I bet you thought I had given up reading for good! I admit I have been going through a real dry spell the last year or two, and it’s frustrating because the couple of years right before, I read excellent book after excellent book. I don’t see how I’ll meet my goal of reading 50 books at the pace I’ve moved this year, and much as I would like to give myself a break given that I moved last summer, I feel that at this point, I should have settled into a good reading routine. Bah.
At any rate, Arundhati Roy’s only novel, The God of Small Things, was the final novel I taught for this school year, and I finished it just a hair before the students. That is Very Bad and I Do Not Recommend It. However, sometimes, it’s all you can do to stay afloat. So of course, I knew how things would shake out, and I didn’t get to see the story unfold naturally, as I would have if I had read it for pleasure. The fact is, I am not sure I would have picked up this book to read for pleasure, and how sad that would have been. It’s a beautiful book.
One of the things folks probably say too much about this novel is that its style is reminiscent of William Faulkner’s, and it truly is. He is a favorite of mine. When I taught the novel, I urged my students to be patient. This novel is like a puzzle. You know how you put it together, and you don’t have the whole picture until you get to the end? But there is a point when you can see how it is going to come out, and you realize what it is you are putting together? That is what this book is: It begins in the middle, and the beginning is somewhere in the middle. The end is in the middle, and the middle is at the end. The nonlinear narrative may pose a challenge for some readers, but it is a worthy one.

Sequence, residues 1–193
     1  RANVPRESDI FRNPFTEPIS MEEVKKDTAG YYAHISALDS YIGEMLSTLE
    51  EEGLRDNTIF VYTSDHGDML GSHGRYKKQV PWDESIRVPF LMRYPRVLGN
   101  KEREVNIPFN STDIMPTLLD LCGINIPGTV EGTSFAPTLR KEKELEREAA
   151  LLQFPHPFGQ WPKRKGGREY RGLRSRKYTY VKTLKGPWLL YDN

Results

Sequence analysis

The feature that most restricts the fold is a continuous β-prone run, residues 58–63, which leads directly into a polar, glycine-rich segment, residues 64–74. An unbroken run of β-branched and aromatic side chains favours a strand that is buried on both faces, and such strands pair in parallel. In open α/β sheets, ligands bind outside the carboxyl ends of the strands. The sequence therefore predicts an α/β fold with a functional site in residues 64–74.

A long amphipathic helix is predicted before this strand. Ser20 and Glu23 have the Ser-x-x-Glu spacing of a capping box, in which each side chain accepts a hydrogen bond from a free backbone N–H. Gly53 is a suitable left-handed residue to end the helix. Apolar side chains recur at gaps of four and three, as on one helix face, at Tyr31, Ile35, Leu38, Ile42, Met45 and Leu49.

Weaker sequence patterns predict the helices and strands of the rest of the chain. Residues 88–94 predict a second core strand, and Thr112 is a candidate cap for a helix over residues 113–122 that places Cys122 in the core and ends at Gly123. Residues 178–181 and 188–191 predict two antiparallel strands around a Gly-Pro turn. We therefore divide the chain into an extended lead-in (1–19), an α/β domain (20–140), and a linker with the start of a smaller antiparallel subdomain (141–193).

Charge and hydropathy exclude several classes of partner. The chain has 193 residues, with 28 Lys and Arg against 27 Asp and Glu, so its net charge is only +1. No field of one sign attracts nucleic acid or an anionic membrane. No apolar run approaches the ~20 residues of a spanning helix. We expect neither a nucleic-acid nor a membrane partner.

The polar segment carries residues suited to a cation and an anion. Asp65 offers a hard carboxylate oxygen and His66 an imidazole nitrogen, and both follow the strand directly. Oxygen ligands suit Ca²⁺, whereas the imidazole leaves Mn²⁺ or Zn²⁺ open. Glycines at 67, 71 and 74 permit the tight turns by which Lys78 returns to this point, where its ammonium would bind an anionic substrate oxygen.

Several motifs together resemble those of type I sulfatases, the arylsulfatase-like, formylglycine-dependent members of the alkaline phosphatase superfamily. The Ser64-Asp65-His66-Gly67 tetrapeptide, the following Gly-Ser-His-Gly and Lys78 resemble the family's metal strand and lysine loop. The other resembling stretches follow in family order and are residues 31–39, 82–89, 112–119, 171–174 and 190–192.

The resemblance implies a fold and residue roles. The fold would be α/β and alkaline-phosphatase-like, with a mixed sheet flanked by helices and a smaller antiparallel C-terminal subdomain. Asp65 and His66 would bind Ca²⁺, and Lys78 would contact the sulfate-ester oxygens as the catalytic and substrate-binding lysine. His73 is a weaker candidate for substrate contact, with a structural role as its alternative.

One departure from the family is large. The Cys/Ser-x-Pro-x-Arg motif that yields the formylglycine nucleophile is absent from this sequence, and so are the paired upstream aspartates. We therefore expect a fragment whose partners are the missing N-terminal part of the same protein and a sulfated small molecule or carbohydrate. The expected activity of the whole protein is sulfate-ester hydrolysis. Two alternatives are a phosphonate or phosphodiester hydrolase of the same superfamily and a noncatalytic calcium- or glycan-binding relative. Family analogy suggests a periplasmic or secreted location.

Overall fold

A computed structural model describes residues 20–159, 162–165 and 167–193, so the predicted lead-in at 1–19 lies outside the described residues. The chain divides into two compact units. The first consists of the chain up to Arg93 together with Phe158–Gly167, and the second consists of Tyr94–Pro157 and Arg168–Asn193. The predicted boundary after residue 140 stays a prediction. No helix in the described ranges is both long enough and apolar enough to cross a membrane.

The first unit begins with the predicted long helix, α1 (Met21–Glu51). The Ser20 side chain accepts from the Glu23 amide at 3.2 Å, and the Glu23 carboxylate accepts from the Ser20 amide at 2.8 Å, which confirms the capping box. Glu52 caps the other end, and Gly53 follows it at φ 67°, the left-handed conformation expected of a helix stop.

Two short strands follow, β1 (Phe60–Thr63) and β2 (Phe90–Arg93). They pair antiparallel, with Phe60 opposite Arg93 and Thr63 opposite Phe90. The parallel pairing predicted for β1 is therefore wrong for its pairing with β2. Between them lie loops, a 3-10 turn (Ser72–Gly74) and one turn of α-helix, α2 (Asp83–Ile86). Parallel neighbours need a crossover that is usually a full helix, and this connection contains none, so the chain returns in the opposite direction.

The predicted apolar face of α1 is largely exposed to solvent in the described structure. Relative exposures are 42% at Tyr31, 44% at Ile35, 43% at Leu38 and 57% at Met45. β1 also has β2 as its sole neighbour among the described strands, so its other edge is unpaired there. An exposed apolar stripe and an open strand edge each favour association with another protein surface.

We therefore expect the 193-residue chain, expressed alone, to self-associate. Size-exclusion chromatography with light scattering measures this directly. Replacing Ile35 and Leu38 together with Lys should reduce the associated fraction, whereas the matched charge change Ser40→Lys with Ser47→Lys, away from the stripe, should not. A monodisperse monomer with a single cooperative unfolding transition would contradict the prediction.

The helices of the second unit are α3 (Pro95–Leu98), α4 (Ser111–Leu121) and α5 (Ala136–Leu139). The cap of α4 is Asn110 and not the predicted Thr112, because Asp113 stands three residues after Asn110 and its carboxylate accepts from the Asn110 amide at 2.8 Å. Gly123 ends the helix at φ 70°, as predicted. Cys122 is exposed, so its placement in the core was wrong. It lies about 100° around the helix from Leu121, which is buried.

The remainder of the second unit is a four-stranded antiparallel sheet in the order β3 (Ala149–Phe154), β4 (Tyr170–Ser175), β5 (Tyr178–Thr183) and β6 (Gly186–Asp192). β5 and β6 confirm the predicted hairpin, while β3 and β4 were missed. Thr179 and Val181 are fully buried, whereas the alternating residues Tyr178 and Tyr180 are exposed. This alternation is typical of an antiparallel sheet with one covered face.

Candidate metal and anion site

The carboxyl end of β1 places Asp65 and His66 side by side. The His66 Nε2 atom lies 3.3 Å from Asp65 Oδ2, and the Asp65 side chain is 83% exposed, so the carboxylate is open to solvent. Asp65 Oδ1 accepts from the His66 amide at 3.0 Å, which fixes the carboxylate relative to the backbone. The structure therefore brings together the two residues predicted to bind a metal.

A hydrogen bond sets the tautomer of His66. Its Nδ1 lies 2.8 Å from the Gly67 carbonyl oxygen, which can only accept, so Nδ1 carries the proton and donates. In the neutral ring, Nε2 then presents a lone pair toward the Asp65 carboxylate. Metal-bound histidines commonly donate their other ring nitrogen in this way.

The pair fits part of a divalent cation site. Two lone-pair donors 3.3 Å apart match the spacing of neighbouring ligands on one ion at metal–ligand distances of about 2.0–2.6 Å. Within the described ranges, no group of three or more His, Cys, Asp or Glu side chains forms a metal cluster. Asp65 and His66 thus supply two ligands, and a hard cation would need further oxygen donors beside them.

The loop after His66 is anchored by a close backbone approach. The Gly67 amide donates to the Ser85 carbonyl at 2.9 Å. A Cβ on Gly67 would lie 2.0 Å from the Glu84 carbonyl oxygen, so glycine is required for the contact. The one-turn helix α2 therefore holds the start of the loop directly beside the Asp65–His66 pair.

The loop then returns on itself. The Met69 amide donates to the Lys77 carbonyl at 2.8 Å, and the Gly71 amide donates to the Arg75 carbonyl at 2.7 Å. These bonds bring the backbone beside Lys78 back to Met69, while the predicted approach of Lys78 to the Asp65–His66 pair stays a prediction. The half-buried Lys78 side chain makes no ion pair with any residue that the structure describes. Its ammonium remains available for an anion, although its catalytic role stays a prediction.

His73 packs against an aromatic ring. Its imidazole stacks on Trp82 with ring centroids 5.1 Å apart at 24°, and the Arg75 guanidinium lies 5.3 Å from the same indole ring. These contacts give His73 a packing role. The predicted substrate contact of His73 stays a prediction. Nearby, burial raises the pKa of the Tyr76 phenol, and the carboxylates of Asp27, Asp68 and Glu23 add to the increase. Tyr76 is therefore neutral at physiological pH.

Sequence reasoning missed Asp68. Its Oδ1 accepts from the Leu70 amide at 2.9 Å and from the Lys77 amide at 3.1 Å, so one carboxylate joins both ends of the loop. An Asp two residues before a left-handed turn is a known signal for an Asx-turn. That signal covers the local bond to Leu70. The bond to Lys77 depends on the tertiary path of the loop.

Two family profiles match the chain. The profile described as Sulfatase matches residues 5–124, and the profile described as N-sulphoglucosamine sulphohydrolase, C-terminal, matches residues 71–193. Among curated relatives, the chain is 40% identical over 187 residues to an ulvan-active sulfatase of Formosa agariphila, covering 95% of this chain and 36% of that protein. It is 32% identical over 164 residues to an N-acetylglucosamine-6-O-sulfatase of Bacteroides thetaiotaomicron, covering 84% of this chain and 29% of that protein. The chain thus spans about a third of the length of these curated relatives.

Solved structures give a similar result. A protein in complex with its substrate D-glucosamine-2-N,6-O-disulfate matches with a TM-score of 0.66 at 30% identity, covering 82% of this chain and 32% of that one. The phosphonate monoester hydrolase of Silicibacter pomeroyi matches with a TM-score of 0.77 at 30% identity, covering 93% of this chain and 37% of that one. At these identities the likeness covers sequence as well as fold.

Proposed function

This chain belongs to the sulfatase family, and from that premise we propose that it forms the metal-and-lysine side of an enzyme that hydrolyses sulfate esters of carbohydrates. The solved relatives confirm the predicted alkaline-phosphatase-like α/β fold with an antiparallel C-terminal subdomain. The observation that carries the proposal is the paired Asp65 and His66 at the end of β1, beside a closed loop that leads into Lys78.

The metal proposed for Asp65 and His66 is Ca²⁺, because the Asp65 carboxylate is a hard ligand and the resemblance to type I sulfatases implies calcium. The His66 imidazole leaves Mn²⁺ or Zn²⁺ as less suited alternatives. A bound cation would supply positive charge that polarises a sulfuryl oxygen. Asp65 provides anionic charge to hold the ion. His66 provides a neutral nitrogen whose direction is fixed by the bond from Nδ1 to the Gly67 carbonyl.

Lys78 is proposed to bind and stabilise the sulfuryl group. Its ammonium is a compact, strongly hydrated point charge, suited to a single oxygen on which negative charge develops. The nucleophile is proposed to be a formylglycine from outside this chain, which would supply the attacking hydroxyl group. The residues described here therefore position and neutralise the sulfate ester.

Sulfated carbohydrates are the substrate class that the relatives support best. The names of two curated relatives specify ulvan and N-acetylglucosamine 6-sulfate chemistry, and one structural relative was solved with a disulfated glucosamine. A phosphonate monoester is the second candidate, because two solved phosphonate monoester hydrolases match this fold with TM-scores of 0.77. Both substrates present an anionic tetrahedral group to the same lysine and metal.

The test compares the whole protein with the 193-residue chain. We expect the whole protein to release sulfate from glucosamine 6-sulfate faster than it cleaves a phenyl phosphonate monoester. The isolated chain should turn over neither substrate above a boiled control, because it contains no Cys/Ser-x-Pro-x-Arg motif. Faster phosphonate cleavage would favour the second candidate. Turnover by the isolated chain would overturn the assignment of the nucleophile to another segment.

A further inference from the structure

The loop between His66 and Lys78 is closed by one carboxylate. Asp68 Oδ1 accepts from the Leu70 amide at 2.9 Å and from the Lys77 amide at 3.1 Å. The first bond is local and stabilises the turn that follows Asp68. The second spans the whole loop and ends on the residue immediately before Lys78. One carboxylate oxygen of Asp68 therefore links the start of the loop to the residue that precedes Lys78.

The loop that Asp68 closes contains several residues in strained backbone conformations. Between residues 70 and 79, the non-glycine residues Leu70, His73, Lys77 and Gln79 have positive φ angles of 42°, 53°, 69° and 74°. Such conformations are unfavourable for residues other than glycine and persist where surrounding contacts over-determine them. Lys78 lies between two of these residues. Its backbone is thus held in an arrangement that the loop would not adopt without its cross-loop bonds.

To start with, the description of Ayemenem in Kerala, India, is absolutely gorgeous. The green trees drip with fruit and the buzzing and whirring of birds and insects fills the air. The river, the deceptively quiet river Kuttappen describes as looking like “a little old churchgoing ammooma, quiet and clean,” but is “[r]eally a wild thing” (201), as the children learn from personal experience. It seems you can always tell when an author has truly inhabited a place she writes about because the description is so vivid that you inhabit it, too, for the time while you read the book.
I admit the narrative made it difficult to follow and put events in their proper place. A timeline, added to as the reader fills in details, would not go amiss. It will take some time to fall into the flow of the nonlinear narrative. Give this one a little longer than you ordinarily might give a book before giving up on it.
In terms of characters, I found myself fascinated by Ammu, the mother of twins Rahel (from whose point of view most of the novel is told) and Estha. Her choices fascinated me. One minute I found myself empathizing with her, and the next, I hated her. Her aunt, Baby Kochamma, was also a fascinating character. She is a master manipulator the likes of which you rarely see, but she, too, has a kind of tragedy at her core, even if it is of her own device, that provokes pity.
I have to recommend this book highly, most highly to those who enjoy Faulkner and who like to read about exotic locales. If you are not either of those, give it a chance anyway. It’s quite well written—gorgeous, lush prose in the English that for some reason, only Indians can write (I have no idea why that is). Aside from that, it tells the moving story of the destruction and decay of a family because things can change in day.